The observation of atmospheric neutrinos with a neutrino telescope provides a means to study neutrino oscillations with a base-line length up to the order of the diameter of the Earth. The focus of investigation is the muon neutrino, but there is also a very interesting possible signature for extremely high energy (>100 TeV) tau neutrinos.
Atmospheric neutrinos are emitted in the decay of hadrons produced by the interactions of cosmic rays with atmospheric nuclei.
The ANTARES neutrino telescope has an energy threshold of a few tens of GeV. This allows to study the phenomenon of atmospheric muon neutrino disappearance due to neutrino oscillations. In a similar way, constraints on the 3+1 neutrino model, which foresees the existence of one sterile neutrino, can be inferred.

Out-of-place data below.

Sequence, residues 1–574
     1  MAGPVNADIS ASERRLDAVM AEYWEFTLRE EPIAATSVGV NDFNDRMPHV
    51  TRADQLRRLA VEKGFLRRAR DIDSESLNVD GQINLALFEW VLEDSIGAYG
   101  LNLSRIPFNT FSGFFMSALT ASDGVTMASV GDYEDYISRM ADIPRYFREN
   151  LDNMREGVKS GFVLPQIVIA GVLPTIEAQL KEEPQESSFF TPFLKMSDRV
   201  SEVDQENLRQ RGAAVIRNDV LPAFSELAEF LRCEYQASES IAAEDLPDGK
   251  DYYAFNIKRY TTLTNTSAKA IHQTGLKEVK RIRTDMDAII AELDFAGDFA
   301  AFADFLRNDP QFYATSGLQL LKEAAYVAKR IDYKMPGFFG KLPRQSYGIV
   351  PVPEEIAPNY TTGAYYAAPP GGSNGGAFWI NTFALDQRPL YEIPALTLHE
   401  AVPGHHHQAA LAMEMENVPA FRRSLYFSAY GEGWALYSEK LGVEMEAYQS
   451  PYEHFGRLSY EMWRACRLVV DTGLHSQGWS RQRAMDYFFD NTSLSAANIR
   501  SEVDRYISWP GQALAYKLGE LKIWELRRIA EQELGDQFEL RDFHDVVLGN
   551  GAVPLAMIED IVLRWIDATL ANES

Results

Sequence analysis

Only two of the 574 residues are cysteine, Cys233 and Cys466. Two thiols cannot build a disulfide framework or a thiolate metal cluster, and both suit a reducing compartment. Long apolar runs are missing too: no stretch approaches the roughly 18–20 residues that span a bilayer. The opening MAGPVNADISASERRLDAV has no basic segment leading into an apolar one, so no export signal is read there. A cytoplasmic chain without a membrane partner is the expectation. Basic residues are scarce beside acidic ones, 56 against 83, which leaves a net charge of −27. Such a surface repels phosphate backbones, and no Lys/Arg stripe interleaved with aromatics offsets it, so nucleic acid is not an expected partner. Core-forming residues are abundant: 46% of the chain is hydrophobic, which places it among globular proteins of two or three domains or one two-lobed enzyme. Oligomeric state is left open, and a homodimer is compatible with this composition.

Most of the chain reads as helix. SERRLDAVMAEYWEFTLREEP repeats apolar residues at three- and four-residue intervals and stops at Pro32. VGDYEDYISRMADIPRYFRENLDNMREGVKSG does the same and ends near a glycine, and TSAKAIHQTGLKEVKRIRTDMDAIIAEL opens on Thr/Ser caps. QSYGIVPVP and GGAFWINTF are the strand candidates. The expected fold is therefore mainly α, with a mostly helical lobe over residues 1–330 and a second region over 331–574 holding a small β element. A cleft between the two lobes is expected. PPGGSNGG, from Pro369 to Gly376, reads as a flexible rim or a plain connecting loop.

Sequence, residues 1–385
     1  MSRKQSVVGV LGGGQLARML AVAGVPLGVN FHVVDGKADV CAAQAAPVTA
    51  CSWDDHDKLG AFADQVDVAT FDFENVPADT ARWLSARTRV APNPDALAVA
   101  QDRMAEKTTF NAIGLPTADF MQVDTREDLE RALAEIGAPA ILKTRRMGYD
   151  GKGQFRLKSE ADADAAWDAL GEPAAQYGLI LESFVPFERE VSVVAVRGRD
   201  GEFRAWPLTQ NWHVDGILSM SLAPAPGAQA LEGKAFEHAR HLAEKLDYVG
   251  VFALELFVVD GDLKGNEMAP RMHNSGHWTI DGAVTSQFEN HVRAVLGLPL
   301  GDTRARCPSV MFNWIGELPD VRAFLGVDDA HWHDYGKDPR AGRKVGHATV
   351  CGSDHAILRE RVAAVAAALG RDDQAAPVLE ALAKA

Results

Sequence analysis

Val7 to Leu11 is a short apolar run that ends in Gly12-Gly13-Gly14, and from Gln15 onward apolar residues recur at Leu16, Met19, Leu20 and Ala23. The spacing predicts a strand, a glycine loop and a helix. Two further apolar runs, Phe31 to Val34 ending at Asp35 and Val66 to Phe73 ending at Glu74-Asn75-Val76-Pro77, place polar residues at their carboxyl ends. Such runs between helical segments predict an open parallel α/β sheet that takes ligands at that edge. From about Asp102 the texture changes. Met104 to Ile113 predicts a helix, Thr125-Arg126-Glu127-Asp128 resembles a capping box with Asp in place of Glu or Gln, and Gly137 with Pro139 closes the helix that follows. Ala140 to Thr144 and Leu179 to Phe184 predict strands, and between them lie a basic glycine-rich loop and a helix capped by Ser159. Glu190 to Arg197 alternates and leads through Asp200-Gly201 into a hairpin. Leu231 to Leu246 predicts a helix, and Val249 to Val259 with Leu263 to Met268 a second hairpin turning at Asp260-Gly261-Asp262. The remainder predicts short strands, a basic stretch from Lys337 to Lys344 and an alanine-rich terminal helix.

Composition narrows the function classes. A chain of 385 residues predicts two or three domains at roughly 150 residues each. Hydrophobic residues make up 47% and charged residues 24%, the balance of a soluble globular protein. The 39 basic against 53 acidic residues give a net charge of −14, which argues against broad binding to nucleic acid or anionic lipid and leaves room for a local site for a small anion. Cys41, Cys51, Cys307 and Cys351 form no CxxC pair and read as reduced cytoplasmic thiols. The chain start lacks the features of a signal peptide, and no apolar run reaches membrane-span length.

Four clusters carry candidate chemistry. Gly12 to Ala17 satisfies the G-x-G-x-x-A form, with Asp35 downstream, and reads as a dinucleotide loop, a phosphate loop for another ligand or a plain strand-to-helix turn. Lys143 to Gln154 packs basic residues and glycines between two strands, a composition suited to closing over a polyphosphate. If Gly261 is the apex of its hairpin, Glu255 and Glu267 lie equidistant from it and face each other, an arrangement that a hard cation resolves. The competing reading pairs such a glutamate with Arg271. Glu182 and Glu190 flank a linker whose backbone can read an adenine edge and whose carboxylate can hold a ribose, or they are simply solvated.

Non-standard neutrino interactions
Non-standard interactions of neutrinos arising in many beyond the Standard Model physics models can significantly alter matter effects in atmospheric neutrino propagation through the Earth. A search for deviations from the prediction of the standard 3-flavour atmospheric neutrino oscillations using the data taken by the ANTARES neutrino telescope has been done constraining the models and further restraining the strength of possible non-standard interactions in the μ−τ sector.